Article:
I'm afraid that if we publicize ourselves as seeking to select the "best" students for admission, we will get... more box-tickers. Fewer lifelong learners. More obedient queuers. Fewer spontaneous beekeepers. More people aiming to graduate and be named "exceptional" for doing so. Fewer people aiming to shape the school that will (sometimes just barely) graduate them, and who actually do all the revolutionary rule-breaking that "exceptional" implies. (emphasis mine)
To this I say amen.
This weekend will be devoted to getting my life in order for the storm of travel that is to come between next week and the beginning of April. Once I get on my first plane, I believe there will be a grand total of 5 days where I'm not traveling. Amazingly enough, I managed to arrange my schedule so I'll miss a grand total of one class - which is having an exam that day that I'll simply take early.
Time management for this semester has not been perfect (it never will be), but it's been amazingly good. The secret? Waking up early. Very, very, very early. And sleeping early - and adequately - and eating well, which sometimes for me means not guilting out over spending $3.50 on a large soup for lunch when I forget to pack the homemade meal I made the night before. Doing work at the office and being focused about it, and trying not to bring work home.
And that is how I juggle 4 graduate classes plus an independent study plus research on three days a week - I do that Monday-Tuesday-Wednesday, and freelance and do my own reading (and some of my own research) Thursday-Friday. I have breaks, I take walks, I hang out with classmates, I spend entire days doing things other than work; I sleep, I eat, I go to random movie showings and talks and other campus events, I audit German 201 when I can and work my way through my grammar book when I can't, and I spend time doing things like "let's explore the hearing thing!" (read: go see audiologist, drive back and forth across town figuring out how Vocational Rehabilitation state services work, etc.)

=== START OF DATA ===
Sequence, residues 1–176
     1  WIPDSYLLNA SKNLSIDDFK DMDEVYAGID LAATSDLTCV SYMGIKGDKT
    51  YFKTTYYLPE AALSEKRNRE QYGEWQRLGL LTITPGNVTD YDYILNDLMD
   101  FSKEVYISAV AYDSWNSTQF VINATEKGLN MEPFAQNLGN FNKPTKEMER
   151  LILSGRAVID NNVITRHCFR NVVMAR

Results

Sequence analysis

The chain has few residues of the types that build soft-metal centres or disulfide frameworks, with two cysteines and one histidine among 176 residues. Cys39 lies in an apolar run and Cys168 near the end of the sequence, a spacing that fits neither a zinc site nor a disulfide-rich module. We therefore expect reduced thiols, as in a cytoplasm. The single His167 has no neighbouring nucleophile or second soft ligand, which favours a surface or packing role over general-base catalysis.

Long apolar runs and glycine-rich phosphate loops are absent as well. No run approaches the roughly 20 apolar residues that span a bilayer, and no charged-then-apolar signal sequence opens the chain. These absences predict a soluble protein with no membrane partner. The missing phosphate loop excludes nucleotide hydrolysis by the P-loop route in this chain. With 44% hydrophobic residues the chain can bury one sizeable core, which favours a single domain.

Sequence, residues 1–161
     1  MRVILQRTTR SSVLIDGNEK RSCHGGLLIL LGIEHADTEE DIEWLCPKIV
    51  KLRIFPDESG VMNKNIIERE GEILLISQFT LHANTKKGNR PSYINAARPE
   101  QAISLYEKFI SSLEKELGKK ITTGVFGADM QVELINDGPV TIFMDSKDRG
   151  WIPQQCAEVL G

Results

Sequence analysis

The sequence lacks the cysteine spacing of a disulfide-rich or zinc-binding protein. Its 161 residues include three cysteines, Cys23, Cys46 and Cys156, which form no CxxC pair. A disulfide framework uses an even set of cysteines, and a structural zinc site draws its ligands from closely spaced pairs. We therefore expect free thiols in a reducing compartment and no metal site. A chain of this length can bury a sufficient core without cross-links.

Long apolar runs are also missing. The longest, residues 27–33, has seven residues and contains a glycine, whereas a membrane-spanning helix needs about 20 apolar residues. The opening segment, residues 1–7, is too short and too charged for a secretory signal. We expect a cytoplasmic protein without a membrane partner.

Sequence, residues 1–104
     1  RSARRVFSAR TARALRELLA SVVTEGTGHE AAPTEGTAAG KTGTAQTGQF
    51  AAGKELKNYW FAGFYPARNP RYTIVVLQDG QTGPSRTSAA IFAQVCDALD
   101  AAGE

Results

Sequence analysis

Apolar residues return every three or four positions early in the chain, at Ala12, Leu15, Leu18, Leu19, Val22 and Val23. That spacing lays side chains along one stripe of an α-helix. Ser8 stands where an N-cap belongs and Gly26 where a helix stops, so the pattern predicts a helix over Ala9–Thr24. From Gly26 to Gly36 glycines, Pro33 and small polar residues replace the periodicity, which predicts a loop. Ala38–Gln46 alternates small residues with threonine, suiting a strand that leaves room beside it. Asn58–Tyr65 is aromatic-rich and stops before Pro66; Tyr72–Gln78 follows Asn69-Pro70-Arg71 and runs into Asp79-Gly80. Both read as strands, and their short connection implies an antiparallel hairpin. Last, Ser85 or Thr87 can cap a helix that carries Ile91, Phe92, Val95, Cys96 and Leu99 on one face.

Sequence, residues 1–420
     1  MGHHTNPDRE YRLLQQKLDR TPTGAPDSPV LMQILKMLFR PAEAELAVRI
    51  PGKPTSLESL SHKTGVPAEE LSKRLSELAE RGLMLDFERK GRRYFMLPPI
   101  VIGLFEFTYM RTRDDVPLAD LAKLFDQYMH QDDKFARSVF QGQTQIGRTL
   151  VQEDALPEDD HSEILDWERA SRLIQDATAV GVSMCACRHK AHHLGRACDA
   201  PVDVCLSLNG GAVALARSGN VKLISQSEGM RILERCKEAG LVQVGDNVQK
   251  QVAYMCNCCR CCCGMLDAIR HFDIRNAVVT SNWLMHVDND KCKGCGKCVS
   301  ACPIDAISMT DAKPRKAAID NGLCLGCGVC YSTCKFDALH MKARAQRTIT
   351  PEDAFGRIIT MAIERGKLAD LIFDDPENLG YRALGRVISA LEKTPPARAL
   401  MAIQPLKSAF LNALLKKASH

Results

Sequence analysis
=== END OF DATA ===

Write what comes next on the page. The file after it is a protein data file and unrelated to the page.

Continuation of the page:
It helps a lot that grad school classes for me have been heavily reading-based so far, and I'm a fast reader; one professor dumps about 300 pages of dense developmental psychology on us every week, and I usually read it after dinner on the evening it's assigned. In fact, I try to do all my work for a class on the day of that class - a week before it's due, that is, not the morning-of. And I do all of my meeting/workgroup followup immediately after the meeting (if I can) or that same day (if I can't). This means I have some very, very long Mondays - 3 of my 4 classes meet on Mondays - but I know that when I'm done, I'm really done. It's amazing how wonderful it feels to know it's not possible for you to be forgetting something.
Again, it's not perfect. I slip. I slip a lot. But it feels like I'm using my time more effectively this semester than I have in... any other semester I have ever been at school, so something's working. And I'm letting myself do that - I'm trying hard things, it's ok if I fail, I recalibrate and get back on track and readjust the track instead of beating myself up... which takes a lot of willpower, because it's the intellectual-rational part of my brain that needs to keep on shouting "IT'S OKAY DON'T BEAT YOURSELF UP" when I... beat myself up. (Instinct! It's hard to fight that habit!) But progress is being made!
It helps to have something you really want to do. And it helps to make yourself focus on several things you want to do, and to turn down stuff, or keep extra stuff optional, so you don't end up with towering piles of obligation. I suppose I would summarize my strategy this term as "when you take on an obligation, do it immediately, thus acquiring no obligation backlog whatsoever."
I'd like to get better at regular exercise, which is something I'm still experimenting with - none of my lifehack attempts so far have gotten me to exercise regularly this semester, so I've decided that I'll take advantage of Purdue's cheap ($45 for the semester!) group fitness classes. Sure, maybe I should be able to do pushups on the floor of my own apartment. But I'm still new enough to the whole "fitness" thing that having structure, company, and people to nag me about my form is not a bad idea - and then maybe I'll do pushups at home to practice outside of class. Who knows?